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Pulse Market Insight #219 OCT 28 2022 | Producers | Pulse Market Insights

Start of India’s Rabi Season Could Affect Markets

Even though India has become less important for the pea market, the rabi (winter) growing season is still important for Canadian pulses. That’s because it’s the time of year when Indian farmers plant lentils, peas and chickpeas, the same pulses grown in Canada.

In general, rabi planting starts in late October or early November and runs until late December or early January. Depending on the crop, harvest can begin as early as February and go until April. Lentils and peas are mostly grown in north-central and northeastern parts of the country. Desi chickpeas are grown in a wider area while kabulis are mostly produced in Madhya Pradesh in north-central India. The scale of Indian pulse production can be eye-opening, with total pulse area around 35-40 mln acres every rabi season.

The rabi season is the drier part of the year, coming after the summer (kharif) monsoons. As such, rabi crops depend on soil moisture from the monsoon season to get a good start. This year, the monsoon rains stuck around longer and were heavier than usual, keeping moisture levels high. Nearly the entire country had above-average rain in October. This may have even caused some planting delays, although nothing serious (yet).

At this point in the season, the Indian government is trying to influence farmers’ decisions with its Minimum Support Prices. Recently, new MSPs were announced, with a large 9% jump for lentils. The new rate of 6,000 rupees per 100 kg works out to roughly C$1,000 per tonne. This is still lower than the domestic market, currently at 6,700-6,900 rupees per 100 kg, so the impact may be muted.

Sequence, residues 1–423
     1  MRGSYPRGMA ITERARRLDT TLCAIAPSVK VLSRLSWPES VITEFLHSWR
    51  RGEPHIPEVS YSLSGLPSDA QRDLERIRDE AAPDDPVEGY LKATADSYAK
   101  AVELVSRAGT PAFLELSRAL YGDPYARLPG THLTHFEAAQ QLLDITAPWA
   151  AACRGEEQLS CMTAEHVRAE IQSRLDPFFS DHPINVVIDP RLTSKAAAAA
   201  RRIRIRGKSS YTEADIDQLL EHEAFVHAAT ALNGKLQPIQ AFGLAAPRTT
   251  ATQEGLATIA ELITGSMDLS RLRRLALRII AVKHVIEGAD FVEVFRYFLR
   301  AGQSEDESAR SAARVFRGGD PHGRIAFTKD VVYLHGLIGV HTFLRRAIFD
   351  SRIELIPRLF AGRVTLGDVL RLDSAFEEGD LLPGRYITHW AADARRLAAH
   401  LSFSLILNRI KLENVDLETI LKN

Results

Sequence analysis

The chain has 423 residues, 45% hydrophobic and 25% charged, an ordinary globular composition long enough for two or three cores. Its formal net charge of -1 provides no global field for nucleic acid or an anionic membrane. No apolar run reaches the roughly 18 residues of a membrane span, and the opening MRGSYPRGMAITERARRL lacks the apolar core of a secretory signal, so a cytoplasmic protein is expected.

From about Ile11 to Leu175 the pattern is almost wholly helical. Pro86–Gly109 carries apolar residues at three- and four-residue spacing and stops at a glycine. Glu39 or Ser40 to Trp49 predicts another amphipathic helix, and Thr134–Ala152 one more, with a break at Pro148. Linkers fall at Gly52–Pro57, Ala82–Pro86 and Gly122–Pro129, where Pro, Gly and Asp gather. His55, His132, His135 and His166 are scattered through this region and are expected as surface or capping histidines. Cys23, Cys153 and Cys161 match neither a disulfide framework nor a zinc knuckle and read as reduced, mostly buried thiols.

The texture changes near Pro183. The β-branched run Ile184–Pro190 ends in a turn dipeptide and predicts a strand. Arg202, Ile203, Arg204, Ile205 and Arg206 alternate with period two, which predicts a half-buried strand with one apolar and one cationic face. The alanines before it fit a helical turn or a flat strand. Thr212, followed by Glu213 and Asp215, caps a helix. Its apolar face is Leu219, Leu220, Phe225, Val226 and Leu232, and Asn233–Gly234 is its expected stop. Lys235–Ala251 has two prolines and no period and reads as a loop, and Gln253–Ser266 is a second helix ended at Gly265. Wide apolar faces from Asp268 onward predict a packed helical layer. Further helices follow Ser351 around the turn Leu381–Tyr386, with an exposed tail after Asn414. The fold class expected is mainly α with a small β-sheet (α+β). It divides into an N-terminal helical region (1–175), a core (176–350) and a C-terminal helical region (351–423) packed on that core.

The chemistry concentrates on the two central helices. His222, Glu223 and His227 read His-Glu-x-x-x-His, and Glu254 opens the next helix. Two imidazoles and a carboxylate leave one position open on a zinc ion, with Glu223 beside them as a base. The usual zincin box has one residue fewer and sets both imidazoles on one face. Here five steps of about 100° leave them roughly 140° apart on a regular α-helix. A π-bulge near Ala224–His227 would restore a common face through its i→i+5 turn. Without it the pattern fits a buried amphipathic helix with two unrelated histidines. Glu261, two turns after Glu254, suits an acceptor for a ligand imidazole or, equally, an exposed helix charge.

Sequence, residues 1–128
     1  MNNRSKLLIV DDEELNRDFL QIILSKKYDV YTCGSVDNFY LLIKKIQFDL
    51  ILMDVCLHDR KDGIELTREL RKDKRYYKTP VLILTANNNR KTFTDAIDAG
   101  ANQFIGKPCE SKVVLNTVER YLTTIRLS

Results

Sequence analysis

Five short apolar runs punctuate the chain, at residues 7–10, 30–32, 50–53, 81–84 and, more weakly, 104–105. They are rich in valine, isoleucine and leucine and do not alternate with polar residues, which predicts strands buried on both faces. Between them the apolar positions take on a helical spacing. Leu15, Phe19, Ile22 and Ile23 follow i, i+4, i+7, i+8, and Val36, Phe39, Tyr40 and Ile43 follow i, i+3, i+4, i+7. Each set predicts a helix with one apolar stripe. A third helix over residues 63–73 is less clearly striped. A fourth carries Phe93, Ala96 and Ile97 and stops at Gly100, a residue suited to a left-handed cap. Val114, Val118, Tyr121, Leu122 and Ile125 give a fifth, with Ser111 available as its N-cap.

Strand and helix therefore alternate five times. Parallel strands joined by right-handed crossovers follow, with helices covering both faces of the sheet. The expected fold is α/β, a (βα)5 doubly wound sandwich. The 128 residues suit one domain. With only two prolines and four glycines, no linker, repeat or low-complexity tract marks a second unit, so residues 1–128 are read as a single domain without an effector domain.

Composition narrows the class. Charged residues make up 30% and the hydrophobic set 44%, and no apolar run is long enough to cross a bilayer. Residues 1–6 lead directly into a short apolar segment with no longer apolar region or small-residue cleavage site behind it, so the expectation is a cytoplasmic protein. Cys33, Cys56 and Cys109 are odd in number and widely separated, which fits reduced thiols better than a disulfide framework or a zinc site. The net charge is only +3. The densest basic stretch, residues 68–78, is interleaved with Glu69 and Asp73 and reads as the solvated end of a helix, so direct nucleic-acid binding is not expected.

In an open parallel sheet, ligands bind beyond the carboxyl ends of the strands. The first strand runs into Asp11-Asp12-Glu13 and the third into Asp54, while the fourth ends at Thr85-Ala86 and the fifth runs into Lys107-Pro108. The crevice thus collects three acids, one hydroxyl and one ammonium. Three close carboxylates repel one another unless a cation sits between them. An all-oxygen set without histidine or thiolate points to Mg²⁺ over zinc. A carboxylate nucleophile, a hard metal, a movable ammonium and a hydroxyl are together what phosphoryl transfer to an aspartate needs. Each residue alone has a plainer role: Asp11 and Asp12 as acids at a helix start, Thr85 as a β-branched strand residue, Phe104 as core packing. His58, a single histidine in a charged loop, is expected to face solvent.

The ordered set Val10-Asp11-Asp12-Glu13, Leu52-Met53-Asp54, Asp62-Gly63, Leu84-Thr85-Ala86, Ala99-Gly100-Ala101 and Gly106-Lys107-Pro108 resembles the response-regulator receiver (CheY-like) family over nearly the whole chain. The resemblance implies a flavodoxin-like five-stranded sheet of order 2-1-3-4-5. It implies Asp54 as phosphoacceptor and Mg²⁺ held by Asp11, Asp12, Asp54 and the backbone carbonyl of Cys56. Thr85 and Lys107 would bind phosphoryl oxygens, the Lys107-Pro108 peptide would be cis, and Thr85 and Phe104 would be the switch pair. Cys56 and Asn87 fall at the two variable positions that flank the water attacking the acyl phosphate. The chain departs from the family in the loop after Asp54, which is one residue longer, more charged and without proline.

The incentive for planting desi chickpeas wasn’t as positive, with only a 2% increase, now at 5,335 rupees, the equivalent of C$890 per tonne. Even though the chickpea MSP didn’t rise as much, it’s still above the domestic market, currently around 4,850-5,000 per 100 kg, and may still encourage plantings. There is no MSP for peas.

It’s too early in the season to see whether Indian farmers are actually changing their planting plans. We have seen anecdotal reports that lentil (red) plantings could be up 5-7% over last year. If that’s the case and conditions remain favourable, it won’t be helpful for Canadian export prospects. Of course, it’s still too early to draw firm conclusions.

For chickpeas, earlier indications were that fewer acres would be planted and it’s not clear yet if these new higher MSPs will reverse that direction. If there is a sizable decline in seeded area and yields aren’t great, it’s possible that the Indian government could lower import restrictions on chickpeas and (maybe) peas. Currently though, prices for both of those pulses are on the weak side so there’s no incentive yet for the Indian government to open the border for imports.

Pulse Market Insight provides market commentary from Chuck Penner of LeftField Commodity Research to help with pulse marketing decisions.